Bridging the UK productivity gap - with choc ices.
Byline: GRAEME WHITFIELD
A SPLENDID former colleague of mine used to go out on warm days, come back with various boxes of choc ices and offer them to everyone in the newsroom with the words: "Milk or plain?, Milk or plain?".
The particular genius of this endeavour is that choc ices are (a) not that expensive and (b) brilliant. It's almost impossible to eat a choc ice and not feel better afterwards.
I will confess that I pinched my ex-colleague's choc ice trick after he retired and it never ceases to transform the mood of the office.
There are no empirical measurements to properly determine this, but I bet we all worked a little harder after a bit of chocolate-encased ice cream.
The government's productivity plan makes no mention of choc ices, which should be a matter of great shame for all involved.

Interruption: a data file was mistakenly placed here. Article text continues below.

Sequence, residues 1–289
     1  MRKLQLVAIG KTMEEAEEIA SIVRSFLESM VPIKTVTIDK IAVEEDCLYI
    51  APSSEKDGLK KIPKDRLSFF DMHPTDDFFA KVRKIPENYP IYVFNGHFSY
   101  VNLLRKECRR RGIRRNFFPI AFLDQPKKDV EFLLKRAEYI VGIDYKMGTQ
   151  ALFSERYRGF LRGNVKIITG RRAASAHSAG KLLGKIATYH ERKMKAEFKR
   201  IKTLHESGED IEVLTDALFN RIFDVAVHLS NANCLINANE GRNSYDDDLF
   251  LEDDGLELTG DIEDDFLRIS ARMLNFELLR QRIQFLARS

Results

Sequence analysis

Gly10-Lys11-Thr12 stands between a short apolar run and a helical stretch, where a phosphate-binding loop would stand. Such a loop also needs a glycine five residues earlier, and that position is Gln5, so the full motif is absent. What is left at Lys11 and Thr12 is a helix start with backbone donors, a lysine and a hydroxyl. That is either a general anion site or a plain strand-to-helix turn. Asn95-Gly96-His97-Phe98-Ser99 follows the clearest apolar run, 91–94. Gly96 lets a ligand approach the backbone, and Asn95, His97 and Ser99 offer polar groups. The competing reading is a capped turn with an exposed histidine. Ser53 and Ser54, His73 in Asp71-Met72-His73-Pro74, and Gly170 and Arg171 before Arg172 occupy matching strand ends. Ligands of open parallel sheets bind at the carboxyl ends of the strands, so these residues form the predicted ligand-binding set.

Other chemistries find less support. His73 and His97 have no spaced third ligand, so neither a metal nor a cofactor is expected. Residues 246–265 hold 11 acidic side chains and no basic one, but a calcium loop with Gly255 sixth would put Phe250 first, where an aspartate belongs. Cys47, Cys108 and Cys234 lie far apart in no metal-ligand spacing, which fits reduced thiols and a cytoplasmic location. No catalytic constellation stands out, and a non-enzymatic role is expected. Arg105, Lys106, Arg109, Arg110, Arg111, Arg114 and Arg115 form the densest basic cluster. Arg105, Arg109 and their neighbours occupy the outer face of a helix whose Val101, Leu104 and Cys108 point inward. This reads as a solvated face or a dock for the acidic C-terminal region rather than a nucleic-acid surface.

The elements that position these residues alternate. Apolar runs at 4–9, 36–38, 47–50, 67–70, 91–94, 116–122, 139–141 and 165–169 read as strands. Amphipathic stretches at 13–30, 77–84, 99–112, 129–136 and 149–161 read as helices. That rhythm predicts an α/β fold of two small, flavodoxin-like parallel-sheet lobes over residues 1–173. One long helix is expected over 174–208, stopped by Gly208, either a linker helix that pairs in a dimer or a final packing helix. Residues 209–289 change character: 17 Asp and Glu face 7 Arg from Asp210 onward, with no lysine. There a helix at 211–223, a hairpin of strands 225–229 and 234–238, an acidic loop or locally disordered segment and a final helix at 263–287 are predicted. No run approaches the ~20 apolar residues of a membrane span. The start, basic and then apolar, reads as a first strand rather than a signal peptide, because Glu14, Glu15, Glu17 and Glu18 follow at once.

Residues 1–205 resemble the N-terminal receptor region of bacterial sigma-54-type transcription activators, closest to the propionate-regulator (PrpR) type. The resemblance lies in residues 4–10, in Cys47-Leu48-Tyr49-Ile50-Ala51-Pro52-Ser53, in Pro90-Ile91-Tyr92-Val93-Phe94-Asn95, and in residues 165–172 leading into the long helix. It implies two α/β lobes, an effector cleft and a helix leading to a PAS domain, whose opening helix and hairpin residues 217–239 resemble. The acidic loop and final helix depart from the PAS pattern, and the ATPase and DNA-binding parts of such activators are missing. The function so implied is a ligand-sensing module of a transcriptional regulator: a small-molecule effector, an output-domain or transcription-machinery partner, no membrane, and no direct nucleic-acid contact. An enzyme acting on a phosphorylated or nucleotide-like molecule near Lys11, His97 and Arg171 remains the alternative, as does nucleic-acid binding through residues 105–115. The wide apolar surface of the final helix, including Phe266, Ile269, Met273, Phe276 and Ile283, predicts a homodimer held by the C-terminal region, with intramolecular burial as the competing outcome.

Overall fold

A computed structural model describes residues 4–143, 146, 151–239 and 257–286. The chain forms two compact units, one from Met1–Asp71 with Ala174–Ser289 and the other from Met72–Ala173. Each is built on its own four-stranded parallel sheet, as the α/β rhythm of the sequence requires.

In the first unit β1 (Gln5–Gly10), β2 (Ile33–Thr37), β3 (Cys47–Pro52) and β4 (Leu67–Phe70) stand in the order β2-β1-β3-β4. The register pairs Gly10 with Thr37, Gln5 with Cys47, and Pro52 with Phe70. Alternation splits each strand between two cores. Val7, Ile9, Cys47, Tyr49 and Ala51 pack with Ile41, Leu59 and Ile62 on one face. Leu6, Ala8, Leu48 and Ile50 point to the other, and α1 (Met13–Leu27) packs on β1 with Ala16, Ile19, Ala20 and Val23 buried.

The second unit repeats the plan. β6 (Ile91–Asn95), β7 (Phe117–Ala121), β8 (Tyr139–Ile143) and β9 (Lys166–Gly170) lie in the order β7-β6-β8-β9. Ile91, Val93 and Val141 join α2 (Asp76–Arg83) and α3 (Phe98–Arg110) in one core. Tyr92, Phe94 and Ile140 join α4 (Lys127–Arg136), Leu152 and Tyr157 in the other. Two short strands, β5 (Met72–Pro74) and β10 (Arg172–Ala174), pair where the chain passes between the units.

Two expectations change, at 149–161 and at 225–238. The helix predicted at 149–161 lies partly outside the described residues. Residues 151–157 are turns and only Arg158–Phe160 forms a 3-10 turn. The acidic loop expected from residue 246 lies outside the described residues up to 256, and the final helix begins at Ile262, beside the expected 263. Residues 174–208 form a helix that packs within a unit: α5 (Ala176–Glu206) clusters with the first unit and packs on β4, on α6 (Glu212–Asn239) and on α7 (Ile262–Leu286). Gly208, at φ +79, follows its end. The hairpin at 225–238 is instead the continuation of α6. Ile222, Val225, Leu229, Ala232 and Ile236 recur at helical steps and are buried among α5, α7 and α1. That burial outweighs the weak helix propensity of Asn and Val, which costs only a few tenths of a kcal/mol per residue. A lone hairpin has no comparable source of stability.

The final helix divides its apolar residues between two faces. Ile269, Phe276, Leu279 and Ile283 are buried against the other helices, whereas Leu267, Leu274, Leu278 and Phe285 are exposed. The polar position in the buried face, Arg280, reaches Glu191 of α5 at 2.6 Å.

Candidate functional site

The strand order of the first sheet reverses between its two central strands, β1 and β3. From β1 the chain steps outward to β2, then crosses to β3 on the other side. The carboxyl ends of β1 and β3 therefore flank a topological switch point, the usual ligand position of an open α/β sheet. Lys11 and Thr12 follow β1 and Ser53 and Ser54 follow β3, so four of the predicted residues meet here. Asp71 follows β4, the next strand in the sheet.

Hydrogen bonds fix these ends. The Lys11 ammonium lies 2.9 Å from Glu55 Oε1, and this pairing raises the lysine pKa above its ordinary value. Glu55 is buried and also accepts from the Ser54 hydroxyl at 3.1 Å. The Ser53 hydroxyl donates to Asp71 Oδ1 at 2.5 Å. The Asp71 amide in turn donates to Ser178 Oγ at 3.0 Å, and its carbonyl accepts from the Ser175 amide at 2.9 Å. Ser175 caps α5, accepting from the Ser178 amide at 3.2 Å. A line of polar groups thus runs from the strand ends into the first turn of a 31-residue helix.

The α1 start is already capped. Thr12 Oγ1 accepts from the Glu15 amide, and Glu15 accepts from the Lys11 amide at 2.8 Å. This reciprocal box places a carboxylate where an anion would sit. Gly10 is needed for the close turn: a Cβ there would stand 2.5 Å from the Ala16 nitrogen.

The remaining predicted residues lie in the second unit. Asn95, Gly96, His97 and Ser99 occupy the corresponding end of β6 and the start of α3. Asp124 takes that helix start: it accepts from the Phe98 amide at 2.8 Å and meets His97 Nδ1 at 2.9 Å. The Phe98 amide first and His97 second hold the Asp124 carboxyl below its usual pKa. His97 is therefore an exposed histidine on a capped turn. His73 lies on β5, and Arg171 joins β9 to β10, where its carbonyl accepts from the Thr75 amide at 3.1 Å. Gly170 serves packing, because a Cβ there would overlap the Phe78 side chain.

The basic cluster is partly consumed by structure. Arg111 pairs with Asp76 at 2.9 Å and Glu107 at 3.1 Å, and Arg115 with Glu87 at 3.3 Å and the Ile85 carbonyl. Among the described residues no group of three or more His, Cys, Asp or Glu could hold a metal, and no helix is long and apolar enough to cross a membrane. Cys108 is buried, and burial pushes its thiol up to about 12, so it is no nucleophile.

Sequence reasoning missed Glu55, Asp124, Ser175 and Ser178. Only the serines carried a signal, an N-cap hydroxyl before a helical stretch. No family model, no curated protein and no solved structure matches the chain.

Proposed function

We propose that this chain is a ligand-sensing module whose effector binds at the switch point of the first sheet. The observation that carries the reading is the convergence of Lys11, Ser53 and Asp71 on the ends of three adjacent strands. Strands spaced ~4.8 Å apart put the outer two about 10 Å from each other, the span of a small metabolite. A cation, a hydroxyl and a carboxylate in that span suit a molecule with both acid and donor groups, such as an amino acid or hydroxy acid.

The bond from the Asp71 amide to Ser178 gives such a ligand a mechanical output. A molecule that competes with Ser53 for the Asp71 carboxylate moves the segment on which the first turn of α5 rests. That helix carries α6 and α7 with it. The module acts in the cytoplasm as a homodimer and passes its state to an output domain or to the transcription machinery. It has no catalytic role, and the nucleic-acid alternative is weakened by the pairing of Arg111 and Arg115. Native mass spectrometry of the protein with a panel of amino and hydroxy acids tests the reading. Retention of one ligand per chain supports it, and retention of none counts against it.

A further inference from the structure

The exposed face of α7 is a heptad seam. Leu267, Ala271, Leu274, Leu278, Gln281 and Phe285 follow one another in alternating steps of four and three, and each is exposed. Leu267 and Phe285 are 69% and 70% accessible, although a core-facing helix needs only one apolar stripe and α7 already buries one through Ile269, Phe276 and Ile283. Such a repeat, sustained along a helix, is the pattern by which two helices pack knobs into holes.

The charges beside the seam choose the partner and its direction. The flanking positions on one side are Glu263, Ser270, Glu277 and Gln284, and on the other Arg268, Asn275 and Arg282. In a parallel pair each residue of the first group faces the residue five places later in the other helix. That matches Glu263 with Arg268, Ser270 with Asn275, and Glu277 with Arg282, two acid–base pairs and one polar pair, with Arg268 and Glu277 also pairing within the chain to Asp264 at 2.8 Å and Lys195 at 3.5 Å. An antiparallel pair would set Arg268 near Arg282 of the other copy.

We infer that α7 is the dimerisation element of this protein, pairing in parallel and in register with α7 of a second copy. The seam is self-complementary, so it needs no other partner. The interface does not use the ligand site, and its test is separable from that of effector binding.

Is it any wonder the UK's GDP is so low when employers are not informed of the great benefits of the occasional frozen treat? I dare say "milk or plain" will be spreading throughout offices around the North East once people have read this column, and I have been working on some similar schemes to lift the mood of the region during our daily slog.
1. No More Motivation Mondays (NMMM): The last thing anyone needs as we haul ourselves back in after a weekend on the tiles is someone posting "motivational" messages on social media that are about as motivational as a bucket of sick.
All such messages will be banned and people instead allowed to ease their way back into work with a hot drink and a nice biscuit.
2. The half-five high five: At 5.30pm each day (or 5.30am for those on night shifts), everyone still in the office when they should have gone home gives the person at the next desk a high five to lift their spirits.
3. Al desco al fresco: An adult version of "Miss, it's sunny out, can we have lessons on the field?", al desco al fresco sees entire offices moved out into the street so we can catch those rare sunny days in full.
Bosses of the North East: make your staff happier.
Graeme Whitfield is business editor of The Journal